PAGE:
Total Time 10 minutes


  • Ground brisket
  • Ground brisket fat
  • Ground chuck
  • Salt and Pepper
  • Egg for binder (optional)


    1. Separate the brisket trimmings, chuck trimmings and brisket fat and run them through the grinder separately. 
    2. In large mixing bowl, make a mix of 70% meat to 30% fat. If you’re mixing chuck and brisket, measure an even brisket to chuck ratio. 
    3. If you’re using a binder, mix the egg through the meat. If you would prefer to semi-freeze the burgers prior to smoking, then skip the binder. 
    4. You don’t have to add seasoning, however you can add a little salt and pepper if you like. 
    5. Once combined, roll the ground meat into large 10 to 12 oz balls. 
    6. Apply pressure to compact the meat balls as much as possible. Make sure there are no cracks or air pockets. 
    7. Then, place the meat onto the kitchen scales. Add or remove some of the meat until you have identical weight (10 to 12 oz).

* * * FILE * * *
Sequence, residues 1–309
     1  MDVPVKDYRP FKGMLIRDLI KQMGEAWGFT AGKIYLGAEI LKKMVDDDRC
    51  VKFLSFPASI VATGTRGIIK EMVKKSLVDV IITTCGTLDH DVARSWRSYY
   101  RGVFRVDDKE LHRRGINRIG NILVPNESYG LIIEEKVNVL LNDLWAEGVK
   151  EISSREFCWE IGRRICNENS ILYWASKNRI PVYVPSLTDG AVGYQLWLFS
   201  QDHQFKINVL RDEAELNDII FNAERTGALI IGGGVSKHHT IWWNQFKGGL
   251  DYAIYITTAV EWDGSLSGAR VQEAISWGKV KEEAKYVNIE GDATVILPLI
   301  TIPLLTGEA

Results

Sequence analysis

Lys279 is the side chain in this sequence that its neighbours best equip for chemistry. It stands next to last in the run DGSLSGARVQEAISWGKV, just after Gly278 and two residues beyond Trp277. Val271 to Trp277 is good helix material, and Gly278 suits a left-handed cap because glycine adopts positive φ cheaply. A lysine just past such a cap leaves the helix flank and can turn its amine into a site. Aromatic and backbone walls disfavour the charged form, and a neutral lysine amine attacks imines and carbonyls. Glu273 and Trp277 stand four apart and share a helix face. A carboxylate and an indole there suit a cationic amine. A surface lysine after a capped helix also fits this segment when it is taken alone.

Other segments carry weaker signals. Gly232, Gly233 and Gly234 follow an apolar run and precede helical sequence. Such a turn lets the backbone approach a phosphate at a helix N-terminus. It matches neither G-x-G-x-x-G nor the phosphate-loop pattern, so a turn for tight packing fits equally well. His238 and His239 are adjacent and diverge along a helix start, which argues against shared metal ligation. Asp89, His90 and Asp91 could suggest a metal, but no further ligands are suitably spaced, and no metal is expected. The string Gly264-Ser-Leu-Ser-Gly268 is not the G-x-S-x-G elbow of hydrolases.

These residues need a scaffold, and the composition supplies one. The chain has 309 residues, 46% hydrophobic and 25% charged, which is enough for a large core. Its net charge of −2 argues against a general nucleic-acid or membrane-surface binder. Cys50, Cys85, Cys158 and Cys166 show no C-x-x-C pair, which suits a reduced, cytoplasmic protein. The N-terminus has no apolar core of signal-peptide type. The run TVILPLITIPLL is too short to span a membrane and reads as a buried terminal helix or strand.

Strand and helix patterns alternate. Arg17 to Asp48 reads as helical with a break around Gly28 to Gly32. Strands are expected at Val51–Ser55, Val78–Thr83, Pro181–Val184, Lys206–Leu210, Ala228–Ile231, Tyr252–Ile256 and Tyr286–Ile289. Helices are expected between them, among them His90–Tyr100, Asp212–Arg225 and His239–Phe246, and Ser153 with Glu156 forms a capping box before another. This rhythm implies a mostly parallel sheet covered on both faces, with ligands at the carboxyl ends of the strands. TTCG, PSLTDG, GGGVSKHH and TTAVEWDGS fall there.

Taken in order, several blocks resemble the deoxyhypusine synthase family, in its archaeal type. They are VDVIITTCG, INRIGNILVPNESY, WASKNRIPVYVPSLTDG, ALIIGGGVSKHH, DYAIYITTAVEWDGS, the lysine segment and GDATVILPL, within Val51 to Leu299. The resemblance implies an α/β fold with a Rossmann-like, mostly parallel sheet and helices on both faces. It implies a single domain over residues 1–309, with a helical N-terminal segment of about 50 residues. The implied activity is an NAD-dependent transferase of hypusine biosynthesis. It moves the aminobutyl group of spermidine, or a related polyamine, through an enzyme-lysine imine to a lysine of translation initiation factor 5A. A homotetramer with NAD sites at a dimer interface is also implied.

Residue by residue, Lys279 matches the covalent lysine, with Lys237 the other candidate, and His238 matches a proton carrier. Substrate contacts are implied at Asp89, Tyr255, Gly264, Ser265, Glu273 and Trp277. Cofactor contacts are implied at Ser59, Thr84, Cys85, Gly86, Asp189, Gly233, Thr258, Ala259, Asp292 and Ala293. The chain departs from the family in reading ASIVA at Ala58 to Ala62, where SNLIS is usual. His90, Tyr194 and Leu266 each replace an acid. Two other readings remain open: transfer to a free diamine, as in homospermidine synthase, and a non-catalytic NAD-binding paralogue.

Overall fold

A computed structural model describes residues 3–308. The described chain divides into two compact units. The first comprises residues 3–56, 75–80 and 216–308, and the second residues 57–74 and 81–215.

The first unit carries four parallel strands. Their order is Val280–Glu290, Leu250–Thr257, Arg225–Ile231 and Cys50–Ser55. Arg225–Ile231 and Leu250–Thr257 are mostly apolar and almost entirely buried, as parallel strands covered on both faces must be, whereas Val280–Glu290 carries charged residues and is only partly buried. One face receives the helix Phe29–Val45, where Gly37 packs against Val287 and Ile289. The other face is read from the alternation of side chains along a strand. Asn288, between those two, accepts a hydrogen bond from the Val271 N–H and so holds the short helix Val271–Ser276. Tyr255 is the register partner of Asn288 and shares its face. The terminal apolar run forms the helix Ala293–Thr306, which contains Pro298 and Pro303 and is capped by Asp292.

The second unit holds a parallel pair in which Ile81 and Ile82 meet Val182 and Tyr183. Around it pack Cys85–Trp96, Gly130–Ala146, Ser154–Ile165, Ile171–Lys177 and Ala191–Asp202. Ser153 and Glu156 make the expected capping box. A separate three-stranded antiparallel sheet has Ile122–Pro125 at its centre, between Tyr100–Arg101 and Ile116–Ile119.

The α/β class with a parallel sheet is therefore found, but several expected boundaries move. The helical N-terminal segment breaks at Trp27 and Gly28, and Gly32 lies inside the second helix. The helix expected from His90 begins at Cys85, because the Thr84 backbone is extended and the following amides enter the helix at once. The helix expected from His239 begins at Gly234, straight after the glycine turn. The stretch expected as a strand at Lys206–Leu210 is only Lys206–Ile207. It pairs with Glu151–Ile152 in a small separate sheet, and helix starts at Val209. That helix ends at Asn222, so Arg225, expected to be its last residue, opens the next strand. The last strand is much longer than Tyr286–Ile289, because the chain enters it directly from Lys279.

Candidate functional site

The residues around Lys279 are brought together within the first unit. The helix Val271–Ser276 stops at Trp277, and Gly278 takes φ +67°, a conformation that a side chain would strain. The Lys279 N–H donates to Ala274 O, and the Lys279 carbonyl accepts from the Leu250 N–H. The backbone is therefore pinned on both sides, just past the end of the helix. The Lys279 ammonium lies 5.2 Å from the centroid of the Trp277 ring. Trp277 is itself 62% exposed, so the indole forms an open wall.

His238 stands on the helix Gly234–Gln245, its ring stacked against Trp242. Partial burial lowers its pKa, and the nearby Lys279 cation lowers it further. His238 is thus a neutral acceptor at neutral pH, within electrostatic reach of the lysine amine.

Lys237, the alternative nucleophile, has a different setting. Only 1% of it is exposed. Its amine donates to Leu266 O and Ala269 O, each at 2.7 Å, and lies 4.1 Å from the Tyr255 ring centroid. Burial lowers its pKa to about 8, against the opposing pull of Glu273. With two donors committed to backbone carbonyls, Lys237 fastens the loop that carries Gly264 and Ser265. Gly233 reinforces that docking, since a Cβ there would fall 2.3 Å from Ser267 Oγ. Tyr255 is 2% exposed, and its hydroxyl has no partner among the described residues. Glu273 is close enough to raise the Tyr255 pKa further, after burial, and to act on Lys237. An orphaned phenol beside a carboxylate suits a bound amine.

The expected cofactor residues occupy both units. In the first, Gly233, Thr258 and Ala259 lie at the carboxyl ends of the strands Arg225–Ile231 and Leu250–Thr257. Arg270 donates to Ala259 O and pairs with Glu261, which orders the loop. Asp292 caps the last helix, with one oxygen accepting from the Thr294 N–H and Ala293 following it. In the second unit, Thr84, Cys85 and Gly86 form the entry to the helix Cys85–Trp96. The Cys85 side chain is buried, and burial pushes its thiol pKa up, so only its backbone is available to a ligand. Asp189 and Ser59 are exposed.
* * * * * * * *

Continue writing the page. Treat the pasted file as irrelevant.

8. Squash the meat balls into nice, thick burger patties, again removing any cracks or air pockets. 
    9. Place the burgers on a baking tray lined with wax paper. 
    10. Place the tray into the freezer between 60 to 90 minutes, or until the burgers are firm. 
    11. Once your ground brisket burgers are nice and firm, remove them from the freezer. 

Grind The Brisket Flat Or Point?

When it comes to making brisket burgers, it doesn’t really matter what part of the brisket you use. Some people use the flat, others use the point, and to some pitmasters, it doesn’t really matter as long as you have good quality meat.